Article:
For the flame test minigame, I invented new elements so I could make more interesting flame colours. There’s a line of posters along the wall with short descriptions of them all. Given how long it took me to think up the new element types and make posters and models for each of them, I would have liked to make more games that utilise them all, but unfortunately I didn’t have enough time. One game idea I had was a solution-mixing table, which had a bunch of coloured solutions and you had to make the requested colour. However, it’s not really an experiment that’s easy to make hectic and if you’ve ever dealt with transition metal ions yourself, you’d know that this type of colour change chemistry can be a little complex. For the two people that got that tortured chemistry pun, I’ll see myself out.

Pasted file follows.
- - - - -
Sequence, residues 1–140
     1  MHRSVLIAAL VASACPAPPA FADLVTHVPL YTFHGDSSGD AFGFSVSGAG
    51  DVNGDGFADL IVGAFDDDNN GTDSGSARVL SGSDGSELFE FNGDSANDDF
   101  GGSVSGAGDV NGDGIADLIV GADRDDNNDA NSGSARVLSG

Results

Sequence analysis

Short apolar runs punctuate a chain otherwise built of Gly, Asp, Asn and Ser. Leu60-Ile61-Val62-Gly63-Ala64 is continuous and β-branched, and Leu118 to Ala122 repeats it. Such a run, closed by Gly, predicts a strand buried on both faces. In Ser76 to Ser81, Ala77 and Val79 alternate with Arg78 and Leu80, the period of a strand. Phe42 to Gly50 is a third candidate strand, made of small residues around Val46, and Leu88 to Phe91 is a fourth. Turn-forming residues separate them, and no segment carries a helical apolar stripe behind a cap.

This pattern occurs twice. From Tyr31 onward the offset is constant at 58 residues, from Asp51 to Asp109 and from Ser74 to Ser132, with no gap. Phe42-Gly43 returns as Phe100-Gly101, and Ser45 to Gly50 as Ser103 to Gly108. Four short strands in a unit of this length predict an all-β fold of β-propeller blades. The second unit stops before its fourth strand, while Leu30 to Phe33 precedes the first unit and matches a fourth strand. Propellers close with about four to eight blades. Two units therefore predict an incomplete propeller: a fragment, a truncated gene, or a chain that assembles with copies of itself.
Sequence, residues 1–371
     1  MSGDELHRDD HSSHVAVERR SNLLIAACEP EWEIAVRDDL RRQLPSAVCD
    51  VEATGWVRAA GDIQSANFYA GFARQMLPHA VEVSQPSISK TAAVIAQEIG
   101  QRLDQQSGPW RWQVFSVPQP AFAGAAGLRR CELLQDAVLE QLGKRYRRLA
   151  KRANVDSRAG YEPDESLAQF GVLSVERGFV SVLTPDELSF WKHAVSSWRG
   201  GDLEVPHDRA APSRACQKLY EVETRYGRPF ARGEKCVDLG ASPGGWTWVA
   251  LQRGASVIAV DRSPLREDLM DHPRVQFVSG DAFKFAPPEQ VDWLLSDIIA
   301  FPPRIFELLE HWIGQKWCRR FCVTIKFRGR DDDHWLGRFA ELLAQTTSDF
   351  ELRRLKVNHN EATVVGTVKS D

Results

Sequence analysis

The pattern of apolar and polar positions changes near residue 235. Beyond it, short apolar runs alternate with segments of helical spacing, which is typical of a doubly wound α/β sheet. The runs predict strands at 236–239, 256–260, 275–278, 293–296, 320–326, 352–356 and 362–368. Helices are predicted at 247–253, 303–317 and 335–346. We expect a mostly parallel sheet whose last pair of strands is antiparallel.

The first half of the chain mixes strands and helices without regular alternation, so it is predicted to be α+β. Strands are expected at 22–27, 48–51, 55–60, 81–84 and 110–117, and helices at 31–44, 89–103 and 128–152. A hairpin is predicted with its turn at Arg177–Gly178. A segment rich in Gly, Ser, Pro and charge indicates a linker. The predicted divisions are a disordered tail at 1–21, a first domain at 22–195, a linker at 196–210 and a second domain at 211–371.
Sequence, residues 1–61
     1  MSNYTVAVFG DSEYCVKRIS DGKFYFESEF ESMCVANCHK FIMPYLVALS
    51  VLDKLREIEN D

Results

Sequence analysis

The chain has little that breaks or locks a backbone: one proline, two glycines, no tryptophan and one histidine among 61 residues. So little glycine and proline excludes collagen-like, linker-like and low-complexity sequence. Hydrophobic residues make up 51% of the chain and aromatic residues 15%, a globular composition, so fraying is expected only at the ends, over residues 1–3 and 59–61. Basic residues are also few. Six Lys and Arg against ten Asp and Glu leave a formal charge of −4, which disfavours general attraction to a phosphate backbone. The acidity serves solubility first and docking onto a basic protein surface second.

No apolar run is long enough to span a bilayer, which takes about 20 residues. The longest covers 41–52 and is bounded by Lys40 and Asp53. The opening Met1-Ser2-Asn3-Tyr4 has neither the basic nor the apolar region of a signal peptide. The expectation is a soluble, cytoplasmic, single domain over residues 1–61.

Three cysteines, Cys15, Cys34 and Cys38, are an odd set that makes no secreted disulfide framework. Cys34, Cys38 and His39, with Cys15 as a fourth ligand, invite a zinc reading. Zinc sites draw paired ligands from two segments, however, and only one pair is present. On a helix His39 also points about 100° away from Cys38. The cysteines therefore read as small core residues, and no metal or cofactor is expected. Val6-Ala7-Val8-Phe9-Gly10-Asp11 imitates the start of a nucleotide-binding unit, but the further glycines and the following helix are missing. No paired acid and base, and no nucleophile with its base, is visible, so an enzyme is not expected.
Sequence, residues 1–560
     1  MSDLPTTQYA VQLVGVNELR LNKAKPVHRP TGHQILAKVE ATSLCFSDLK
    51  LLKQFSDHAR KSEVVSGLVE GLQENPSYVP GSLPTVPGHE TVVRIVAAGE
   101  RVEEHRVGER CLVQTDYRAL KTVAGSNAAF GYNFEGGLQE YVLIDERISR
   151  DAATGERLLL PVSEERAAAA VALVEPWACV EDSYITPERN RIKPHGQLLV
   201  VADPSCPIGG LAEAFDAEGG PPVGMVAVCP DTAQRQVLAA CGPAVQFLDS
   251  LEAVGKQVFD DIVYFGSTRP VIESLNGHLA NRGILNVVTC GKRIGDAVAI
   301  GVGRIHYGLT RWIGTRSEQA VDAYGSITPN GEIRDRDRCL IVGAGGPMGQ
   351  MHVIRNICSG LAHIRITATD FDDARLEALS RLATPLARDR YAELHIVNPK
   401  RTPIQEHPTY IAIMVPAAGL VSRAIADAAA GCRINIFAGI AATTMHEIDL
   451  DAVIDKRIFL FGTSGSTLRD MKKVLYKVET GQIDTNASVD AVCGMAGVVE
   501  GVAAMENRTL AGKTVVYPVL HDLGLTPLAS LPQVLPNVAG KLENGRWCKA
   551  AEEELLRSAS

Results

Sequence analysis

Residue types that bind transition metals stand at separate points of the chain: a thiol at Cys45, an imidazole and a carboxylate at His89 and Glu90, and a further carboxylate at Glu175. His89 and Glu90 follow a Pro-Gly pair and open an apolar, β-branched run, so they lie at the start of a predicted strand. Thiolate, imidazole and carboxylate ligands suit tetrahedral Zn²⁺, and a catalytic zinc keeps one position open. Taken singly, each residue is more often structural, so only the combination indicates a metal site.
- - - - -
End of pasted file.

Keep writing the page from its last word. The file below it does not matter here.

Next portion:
I was, however, pleased with how the game came out graphically. The only issue I had was trying to make a roof and windows; doing that messed up the lighting, and any amount of time trying to work out Unity’s area lights and baked global illumination seemed to be wasted in the end.

You can give the game a go by visiting the Ludum Dare page, where you can vote if you took part in the competition, or directly on my Google Drive.